• Port electrification – ports are where goods enter the country and can be coastal or inland. No matter where they are, they are enormous sources of diesel emissions that contaminate air quality and negatively impact the communities around them. We MUST electrify the vehicles and equipment at ports to protect the health of these communities. Congress should include investments to do just that in reconciliation.
  • EV charging infrastructure – There is a tax credit for individuals and businesses who want to install charging infrastructure, and this is really important. The tax credit keeps expiring and Congress generally extends it, but frequently not until the year is already over, which is a lesson in how NOT to spur investment. We support extending the tax credit so everyone can count on receiving it when they plan to install infrastructure.
  • Accelerate domestic manufacturing of EVs – the auto industry is critical to our manufacturing base, supports large parts of the local economy in many areas, and employs millions of workers. We need this industry to evolve here in the US to maintain leadership in the global industry. The path forward here is ensuring that we are investing in EV manufacturing. We support several tax credits and manufacturing programs to change factories over to producing EVs, bring battery and other component manufacturers to the US, and support new players in the EV industry. We want to make sure that we are building up jobs in the US and we want to make sure that the workers who have these jobs are working in safe environments and being paid well for their labor.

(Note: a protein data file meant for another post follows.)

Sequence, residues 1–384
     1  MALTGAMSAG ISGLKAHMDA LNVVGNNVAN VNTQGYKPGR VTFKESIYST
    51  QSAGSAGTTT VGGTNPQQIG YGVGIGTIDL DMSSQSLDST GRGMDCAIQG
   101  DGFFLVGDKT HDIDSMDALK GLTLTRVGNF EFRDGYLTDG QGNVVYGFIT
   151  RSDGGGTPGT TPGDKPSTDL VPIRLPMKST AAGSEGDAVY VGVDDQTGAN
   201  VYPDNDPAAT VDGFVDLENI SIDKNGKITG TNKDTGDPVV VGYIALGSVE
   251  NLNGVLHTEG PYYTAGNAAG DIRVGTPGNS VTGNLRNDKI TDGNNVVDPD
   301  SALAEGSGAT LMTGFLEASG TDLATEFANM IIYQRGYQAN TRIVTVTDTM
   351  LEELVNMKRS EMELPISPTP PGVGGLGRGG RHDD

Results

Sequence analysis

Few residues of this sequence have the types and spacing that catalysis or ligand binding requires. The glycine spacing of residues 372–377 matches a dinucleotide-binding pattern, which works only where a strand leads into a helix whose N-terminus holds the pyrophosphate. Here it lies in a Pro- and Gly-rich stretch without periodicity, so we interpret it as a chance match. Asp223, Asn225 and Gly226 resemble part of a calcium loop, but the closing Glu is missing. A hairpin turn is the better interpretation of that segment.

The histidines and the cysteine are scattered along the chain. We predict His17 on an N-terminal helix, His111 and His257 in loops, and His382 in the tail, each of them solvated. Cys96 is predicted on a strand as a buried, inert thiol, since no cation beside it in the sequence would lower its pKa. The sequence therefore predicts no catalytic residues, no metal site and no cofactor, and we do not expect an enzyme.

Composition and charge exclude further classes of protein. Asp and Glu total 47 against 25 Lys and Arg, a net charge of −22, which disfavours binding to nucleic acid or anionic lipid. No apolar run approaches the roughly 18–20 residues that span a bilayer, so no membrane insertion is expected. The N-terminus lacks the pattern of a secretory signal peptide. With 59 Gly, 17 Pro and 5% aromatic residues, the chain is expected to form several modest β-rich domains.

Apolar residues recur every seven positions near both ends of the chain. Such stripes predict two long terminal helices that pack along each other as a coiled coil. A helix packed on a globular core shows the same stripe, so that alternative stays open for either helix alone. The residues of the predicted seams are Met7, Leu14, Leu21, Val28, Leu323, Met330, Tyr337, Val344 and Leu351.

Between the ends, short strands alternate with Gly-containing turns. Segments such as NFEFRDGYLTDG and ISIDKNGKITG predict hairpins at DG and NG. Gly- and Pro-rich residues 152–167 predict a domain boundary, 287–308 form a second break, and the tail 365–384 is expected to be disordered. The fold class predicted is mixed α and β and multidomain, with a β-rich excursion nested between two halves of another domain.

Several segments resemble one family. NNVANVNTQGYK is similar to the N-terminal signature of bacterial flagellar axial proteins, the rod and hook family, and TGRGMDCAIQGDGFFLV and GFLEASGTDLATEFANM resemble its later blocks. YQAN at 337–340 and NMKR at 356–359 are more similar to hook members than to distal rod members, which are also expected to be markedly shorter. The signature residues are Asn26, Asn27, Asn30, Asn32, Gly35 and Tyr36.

• More for buses! Although there was some funding for electric school and transit buses in the Infrastructure Investment and Jobs Act, we don’t think that is sufficient. We are pressing for increased funding for both of these technologies in the reconciliation package.
  • Electrify the federal fleet – The government has over 500,000 light-duty vehicles in its fleet (including in the US Postal Service). That’s A LOT of cars. And hardly any of them are electric. And generally EVs exceed the performance needs of those vehicles. The government should lead by example and electrify its fleet.

If we manage to get all of these priorities funded in the reconciliation package, that is going to be a VERY significant investment in zero-emission transportation. This is what we are going to be pushing for until it’s done (sometime this fall). If we fail to get this done, well, the climate is going to suffer and I’m not sure when our next opportunity will come along to make this kind of progress. So please, join us, and urge your Member of Congress to live up to this moment and pass a strong climate-focused reconciliation bill!